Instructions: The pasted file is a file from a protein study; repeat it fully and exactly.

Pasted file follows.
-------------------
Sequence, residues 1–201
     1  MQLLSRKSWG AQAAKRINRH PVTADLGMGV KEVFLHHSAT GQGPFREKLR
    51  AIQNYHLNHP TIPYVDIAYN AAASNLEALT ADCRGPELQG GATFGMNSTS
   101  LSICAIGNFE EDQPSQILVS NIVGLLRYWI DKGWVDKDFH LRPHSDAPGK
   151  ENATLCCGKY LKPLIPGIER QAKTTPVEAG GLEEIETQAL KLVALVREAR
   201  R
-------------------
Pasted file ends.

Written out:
Sequence, residues 1–201
     1  MQLLSRKSWG AQAAKRINRH PVTADLGMGV KEVFLHHSAT GQGPFREKLR
    51  AIQNYHLNHP TIPYVDIAYN AAASNLEALT ADCRGPELQG GATFGMNSTS
   101  LSICAIGNFE EDQPSQILVS NIVGLLRYWI DKGWVDKDFH LRPHSDAPGK
   151  ENATLCCGKY LKPLIPGIER QAKTTPVEAG GLEEIETQAL KLVALVREAR
   201  R